A small barn in the village of St. Ulrich, Ortisei, Italy was in a state of ruin before Christian Schwienbacher was tasked with the job of transforming it into a two bedroom home. One side of the barn was attached to a firewall and could not be touched so the architect had only had 3 sides to work. Christian Schweinbacher was also not able to change the original volume and this meant the preexisting floor plan could not be touched and at 4×5.5m the footprint of the building was extremely small, meaning the architect needed to make the most of the 8m height.
Each room within the Haus in St. Ulrich is on its own level making the home a series of 6 split levels with a small bedroom on the lowest level, then covered parking, the entrance and a bathroom on the 2nd, the kitchen on the 3rd, dining and terrace 4th, living 5th and a second bedroom on the final 6th split level. Each room is clad in knotty wood on the floors, walls and ceilings and long linear windows with deep sills puncture the walls in a seemingly random pattern,
By creating multiple zigzagged layers of rooms, none of the stairs where too long, making the transition from volume to volume feel continuous and spacious.
The dining room is level with the carport roof – which was previously used as a 2nd level of car parking, but is now a large terrace for enjoying an outdoor lounging or dining.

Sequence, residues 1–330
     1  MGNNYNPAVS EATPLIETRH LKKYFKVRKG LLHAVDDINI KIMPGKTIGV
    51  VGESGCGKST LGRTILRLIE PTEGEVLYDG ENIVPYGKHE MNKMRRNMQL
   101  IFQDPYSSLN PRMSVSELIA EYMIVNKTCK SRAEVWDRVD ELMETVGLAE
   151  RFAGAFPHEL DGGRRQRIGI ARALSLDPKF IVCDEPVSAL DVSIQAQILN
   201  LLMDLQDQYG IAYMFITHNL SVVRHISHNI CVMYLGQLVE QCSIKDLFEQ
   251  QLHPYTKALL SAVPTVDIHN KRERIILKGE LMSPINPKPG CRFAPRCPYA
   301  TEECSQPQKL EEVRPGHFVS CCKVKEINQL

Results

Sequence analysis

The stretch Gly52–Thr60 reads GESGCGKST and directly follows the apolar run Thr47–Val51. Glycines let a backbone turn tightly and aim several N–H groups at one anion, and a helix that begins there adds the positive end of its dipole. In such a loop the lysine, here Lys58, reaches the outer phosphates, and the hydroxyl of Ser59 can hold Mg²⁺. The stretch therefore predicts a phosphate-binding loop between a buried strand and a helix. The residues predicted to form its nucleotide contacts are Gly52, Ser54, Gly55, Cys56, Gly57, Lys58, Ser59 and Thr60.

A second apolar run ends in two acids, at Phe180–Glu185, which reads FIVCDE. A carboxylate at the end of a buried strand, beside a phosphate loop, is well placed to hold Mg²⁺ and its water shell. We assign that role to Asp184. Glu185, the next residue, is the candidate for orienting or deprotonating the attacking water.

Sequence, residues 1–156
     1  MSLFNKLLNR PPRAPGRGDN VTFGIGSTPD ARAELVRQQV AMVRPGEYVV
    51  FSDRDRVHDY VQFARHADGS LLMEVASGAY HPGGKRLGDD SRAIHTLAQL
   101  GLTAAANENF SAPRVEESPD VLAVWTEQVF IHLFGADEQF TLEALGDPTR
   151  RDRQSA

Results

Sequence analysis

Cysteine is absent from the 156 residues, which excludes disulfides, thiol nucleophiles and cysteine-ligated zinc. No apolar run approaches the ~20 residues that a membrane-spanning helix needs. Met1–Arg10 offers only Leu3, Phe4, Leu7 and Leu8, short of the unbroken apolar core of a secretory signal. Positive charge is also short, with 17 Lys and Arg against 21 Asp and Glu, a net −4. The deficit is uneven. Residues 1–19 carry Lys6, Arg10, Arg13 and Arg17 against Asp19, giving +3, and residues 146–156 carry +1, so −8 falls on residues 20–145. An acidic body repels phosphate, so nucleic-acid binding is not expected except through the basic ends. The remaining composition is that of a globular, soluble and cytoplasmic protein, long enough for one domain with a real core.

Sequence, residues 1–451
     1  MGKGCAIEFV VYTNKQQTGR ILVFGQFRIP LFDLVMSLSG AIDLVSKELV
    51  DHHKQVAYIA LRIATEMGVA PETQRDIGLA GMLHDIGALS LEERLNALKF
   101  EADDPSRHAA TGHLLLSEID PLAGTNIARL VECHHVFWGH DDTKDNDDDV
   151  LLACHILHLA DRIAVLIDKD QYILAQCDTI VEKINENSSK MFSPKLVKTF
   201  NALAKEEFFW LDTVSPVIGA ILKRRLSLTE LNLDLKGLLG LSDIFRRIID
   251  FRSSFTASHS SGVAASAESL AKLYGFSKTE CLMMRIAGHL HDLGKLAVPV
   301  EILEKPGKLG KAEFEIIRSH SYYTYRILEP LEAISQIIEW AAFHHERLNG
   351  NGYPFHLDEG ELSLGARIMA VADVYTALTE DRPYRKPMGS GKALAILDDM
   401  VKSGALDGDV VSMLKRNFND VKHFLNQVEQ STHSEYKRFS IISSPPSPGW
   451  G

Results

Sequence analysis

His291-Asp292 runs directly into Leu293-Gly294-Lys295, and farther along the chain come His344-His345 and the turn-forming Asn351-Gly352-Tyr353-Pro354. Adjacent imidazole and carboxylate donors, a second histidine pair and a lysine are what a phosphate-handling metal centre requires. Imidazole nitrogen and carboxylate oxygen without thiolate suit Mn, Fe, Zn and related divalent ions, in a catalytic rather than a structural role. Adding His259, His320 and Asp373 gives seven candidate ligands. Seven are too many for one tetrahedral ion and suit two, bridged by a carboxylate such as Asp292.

The living room can make use of the stairs leading to the loft bedroom as extra seating when entertaining guests.
The loft bedroom is the 6th and final level of the home.
Bedrooms are on the first and last level with the first one being below grade.
It’s amazing what Christian Schwienbacher achieved within such a tiny footprint.
Christian Schwienbacher wanted to give a modern twist to a traditional wooden architecture and designed the home with a horizontal grid of wood cladding both inside and out. The architect punctuated the horizontal lines with the long linear windows that each fit within two rows of the wood siding and the final result is a modern minimalist exterior that still blends harmoniously with its more traditional surroundings.
The interior takes on the same appearance as the exterior except for the added detail of the deep window sills.
Photography by Jurgen Eheim